Best to leave Conques in the early hours to get the big climb out of the way. Yeah, even moi.
The departure is by one of those famous pilgrim bridges. Here I waved goodbye to two new Alsatian mates who were, ahem, wanting to walk a bit faster. We’d only met the night before, but one night’s friendship on the Camino is equivalent to a month in civilian life.
A last glimpse of Conques, the Jewel in its Shell, through mist.
Trekking once more through the wide green Aveyron…
Decazeville is the large town ahead. The common advice is to by-pass the nineteenth century industrial centre, now a bit shabby and depressed, with a good rugby side and sizable population of unemployed.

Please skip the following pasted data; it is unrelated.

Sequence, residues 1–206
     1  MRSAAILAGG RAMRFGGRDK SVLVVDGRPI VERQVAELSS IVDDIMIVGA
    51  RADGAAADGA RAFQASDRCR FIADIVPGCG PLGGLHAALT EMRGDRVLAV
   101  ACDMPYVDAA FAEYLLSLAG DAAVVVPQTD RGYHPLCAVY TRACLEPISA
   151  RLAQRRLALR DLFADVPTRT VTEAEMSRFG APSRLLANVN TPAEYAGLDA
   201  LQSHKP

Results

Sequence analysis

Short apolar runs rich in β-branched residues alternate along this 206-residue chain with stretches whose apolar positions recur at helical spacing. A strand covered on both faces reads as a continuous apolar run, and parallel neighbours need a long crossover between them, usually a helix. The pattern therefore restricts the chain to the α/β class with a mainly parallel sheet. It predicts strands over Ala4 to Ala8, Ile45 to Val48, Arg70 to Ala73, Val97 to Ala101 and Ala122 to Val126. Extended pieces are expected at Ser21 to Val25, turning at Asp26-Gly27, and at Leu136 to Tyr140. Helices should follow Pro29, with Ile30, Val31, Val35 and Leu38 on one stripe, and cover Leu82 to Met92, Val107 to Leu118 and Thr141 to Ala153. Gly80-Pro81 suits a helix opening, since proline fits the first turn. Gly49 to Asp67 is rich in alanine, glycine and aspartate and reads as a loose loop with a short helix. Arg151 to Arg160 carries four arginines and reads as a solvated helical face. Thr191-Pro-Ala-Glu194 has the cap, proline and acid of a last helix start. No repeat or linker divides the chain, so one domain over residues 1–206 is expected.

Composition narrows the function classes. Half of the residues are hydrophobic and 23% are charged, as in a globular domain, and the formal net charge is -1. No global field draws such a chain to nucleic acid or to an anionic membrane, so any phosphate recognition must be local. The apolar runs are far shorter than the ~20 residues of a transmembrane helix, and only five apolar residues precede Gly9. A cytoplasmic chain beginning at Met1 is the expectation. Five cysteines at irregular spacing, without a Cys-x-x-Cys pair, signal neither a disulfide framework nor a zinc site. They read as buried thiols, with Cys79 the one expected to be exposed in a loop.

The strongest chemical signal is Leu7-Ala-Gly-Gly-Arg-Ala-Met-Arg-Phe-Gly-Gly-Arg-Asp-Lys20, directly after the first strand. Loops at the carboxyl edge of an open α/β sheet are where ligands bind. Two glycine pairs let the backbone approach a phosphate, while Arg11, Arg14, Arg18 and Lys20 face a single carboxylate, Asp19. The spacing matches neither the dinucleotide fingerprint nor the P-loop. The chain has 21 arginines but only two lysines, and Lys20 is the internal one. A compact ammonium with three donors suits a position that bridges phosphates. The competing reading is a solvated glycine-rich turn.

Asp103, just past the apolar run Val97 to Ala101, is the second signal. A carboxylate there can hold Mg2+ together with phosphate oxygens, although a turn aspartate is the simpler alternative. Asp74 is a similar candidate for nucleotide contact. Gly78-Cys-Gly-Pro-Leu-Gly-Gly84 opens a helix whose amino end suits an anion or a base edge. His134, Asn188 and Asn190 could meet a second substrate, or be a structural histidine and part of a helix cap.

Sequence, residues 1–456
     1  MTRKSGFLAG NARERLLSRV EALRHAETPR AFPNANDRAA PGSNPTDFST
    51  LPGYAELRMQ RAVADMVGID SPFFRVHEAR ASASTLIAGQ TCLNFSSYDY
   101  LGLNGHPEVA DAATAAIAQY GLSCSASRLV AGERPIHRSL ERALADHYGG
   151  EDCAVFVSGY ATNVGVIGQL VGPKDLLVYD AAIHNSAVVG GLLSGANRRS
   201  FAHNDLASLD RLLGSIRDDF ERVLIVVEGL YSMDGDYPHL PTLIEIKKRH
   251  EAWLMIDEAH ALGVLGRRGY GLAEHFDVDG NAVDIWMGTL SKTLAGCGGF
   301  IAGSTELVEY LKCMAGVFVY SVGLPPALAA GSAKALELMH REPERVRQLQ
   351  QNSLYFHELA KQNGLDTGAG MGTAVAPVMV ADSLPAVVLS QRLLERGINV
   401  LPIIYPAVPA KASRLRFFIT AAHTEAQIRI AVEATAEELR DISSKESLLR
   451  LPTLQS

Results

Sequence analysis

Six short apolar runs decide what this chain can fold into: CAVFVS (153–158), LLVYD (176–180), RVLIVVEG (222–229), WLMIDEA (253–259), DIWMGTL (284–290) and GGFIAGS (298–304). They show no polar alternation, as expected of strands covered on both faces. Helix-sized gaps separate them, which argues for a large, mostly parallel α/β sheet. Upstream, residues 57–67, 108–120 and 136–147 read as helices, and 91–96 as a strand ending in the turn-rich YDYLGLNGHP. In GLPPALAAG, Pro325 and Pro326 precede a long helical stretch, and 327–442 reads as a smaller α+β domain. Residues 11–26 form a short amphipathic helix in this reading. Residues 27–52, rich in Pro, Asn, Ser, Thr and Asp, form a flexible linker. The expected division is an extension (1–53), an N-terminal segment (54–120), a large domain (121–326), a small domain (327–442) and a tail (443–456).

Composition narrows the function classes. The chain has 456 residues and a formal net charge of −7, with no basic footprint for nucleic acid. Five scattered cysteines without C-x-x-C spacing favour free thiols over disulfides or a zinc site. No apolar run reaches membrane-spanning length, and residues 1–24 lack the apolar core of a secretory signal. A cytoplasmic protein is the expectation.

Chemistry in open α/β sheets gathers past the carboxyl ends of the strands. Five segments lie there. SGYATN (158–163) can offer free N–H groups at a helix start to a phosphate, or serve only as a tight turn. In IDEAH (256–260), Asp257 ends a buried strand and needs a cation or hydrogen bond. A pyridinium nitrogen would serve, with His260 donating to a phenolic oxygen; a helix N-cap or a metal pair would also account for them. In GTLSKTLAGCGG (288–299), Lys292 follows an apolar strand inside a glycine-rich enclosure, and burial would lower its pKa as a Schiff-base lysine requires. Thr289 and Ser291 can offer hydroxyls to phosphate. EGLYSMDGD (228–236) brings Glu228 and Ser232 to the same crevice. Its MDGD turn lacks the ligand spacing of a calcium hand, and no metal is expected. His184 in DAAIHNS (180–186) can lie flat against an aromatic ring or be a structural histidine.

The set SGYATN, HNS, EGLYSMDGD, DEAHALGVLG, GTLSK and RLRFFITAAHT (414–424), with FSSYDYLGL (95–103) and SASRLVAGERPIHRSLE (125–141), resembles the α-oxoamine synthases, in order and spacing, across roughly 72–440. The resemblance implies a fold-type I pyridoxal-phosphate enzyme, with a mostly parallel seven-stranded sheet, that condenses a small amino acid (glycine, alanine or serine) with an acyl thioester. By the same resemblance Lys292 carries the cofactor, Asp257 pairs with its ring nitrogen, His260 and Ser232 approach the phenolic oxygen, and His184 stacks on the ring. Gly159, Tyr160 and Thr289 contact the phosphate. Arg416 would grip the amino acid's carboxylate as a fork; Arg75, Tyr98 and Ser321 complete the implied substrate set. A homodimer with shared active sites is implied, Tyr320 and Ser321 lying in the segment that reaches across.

Hey! Add some surf and that could be Australia!
So it’s on to Decazeville.
Louis XIV and successors gave mining rights to their mistresses. Cheaper than Fabergé eggs, no doubt. In the nineteenth century, one enterprising aristocrat who ended up with the rights decided to develop the region in a big way. Coal deposits were large, and for quite some time generated exports and powered a thriving foundry. Some heavier industries sputter along, though the last mine closed a few years back.
It gave me a buzz to shop that evening in an Aussie-sized supermarket, complete with teenage mall-rats, in weather that had grown suddenly balmy.
Conques was certainly behind me now.